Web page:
Scarecrow, as a character isn’t that original. But he works–in the comics, the animated series, and even live-action movies–because the idea behind him is so effective. If you told someone to imagine Scarecrow, they’d have a pretty accurate image in their head, and that’s pretty much what Diamond Select is giving us with the DC Gallery Scarecrow statue. The Scarecrow you’re imagining in your head.
Out Standing in His Field
Scarecrow measures in at about 10-inches tall. The statue is built from plastic, with a design by Caesar and sculpt by Allerton. It retails at site like Amazon and Entertainment Earth for around $49.99.
Some of our favorite DC statues in recent months have been Batman’s many villains. Bane and Penguin stick out as two particularly enjoyable examples. If you happened to pick either or both of them up, Scarecrow absolutely belongs in the lineup. From the sculpt to the paint down to the base that he stands on, there’s very little to complain about and a lot to (scare)crow about.
No matter who is writing Scarecrow, it’s rare that he can go hand-to-hand with Bats for more than a second. Dr. Crane is a lanky, frail character whose primary advantage is that he can incapacitate Batman and, well, just about anybody else just by messing with the air they breathe. The statue portrays a wiry character with knobby knees and spindly fingers.
His pants are baggy, fitting him badly and drooping in places, stitched messily together and held up by ropes. The material on his waist, ankles and sleeves hangs loosely. That’s not to say it moves, but rather the sculptor took deliberate effort to make these pieces pull away from the statue to emphasize the intentionally poor construction of Scarecrow’s costume. I’ve enjoyed some of the texture work done on these characters, and Scarecrow’s shirt has a light crisscross texture that calls burlap fabric to mind, while his mask and hat look distinctly more leathery in texture.
Down to Base-ics
The great work continues down into the base, where Scarecrow stands on a rocky base with a short barbed-wire fence behind him. Beneath him, a Batarang fizzes in an oozing mess of Scarecrow’s fear toxin. The detail on the barbed wire is awesome even on close inspection, where you can see that the barbs have been sculpted to look like they’re twisted around the wire.
About the only complaint we have is about his pitchfork. And the complaint is that it’s just fine, when everything else borders on great. It gets the job done, looking appropriately twisted, but without the kind of detail and definition we see elsewhere on the character.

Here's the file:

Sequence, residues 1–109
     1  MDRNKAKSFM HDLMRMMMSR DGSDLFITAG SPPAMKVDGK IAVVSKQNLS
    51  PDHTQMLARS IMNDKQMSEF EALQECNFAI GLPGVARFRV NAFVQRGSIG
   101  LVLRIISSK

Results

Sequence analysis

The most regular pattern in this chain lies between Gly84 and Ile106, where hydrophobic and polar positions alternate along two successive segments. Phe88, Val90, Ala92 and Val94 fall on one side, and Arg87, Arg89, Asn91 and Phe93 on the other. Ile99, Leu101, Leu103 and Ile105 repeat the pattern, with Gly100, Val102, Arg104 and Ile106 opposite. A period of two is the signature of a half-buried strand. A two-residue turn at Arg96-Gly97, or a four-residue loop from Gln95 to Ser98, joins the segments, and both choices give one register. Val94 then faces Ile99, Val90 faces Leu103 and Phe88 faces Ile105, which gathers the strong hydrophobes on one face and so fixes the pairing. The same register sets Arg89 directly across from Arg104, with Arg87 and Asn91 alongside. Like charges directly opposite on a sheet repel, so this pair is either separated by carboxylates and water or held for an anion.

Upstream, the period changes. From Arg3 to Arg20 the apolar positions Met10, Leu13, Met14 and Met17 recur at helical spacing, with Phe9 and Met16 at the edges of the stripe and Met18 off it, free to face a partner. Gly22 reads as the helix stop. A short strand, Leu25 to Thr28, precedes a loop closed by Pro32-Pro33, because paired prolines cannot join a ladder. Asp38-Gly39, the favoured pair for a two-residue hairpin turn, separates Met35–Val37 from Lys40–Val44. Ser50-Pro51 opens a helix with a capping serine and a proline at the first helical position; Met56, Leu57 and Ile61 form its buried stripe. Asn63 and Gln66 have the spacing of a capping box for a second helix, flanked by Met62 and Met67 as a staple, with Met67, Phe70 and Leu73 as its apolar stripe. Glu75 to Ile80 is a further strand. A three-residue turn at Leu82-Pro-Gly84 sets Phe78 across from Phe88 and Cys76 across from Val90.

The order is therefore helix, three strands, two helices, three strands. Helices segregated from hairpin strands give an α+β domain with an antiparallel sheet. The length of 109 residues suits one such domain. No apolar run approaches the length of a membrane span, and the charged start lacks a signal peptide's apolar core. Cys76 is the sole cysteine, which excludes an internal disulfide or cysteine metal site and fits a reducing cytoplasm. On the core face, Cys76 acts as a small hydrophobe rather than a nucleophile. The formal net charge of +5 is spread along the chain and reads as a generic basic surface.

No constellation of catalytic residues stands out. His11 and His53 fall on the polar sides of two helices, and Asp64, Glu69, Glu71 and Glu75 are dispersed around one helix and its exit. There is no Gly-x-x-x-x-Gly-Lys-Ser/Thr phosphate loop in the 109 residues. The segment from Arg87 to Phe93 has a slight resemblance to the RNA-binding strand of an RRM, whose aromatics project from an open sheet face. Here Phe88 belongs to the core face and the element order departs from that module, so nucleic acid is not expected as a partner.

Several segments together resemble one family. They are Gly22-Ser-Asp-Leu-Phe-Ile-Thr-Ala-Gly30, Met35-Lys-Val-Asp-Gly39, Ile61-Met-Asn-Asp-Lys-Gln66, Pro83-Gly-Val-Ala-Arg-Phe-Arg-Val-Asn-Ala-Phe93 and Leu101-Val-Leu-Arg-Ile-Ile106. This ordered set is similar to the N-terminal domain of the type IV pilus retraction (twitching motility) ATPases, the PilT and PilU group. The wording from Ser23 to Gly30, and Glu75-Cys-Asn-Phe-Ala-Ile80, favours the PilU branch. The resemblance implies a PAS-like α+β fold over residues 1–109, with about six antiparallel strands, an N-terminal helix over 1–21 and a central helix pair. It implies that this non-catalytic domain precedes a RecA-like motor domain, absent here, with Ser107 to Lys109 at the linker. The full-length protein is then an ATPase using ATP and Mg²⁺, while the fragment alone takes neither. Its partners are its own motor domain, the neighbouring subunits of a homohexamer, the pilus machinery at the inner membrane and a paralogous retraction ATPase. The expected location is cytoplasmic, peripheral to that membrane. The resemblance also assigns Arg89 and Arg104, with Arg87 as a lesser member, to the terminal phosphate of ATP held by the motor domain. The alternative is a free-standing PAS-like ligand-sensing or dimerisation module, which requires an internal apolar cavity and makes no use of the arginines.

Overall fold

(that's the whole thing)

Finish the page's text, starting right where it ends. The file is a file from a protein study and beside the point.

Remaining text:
He could work for UPS
That detail throughout, though, helps offset the fact that Scarecrow is almost entirely brown. Even then, there’s enough detail to make it interesting. The character has tons of shading on the pants and shirt, especially around the stitching, that adds to the three-dimensional appearance.
There are tons of little details here, too. Scarecrow’s eyes have visible whites and pupils behind the mask; the painters could’ve just painted his eyes black and it would’ve added to the spookiness of the character. Instead, he has eyes that give him life. Further, the eyes are really only visible if you intentionally look under his droopy hat. There’s no good reason for these to be as detailed as they are. Behind Scarecrow, the wooden posts of the barbed wire fence are painted only halfway down, as if they’ve been pulled partially out of the ground, and the paint on the upper half looks appropriately weathered. It’s really cool. The only real splash of color is the green fear toxin on the ground.
That’s not how pitchforks work
Again, the pitchfork is the least interesting part here, but it gets the job done. It just looks like Crane carved the pitchfork out of a single piece of wood. Even all-wood pitchforks tend to be built from multiple pieces. Compared to everything else, it just feels lazy. The overall brown color of the character doesn’t feel lazy, but it does feel unimaginative. A red plaid shirt, a lighter mask, or something like that could’ve made for a more interesting paint job.
My concerns about the paint job and pitchfork, though, are really minor in comparison to how cool the statue is overall. The comic book versions of Batman’s villains have been a standout part of Diamond’s DC line, and we love looking at them.
Disclaimer: Diamond Select provided us with a Scarecrow statue for the purposes of this review.
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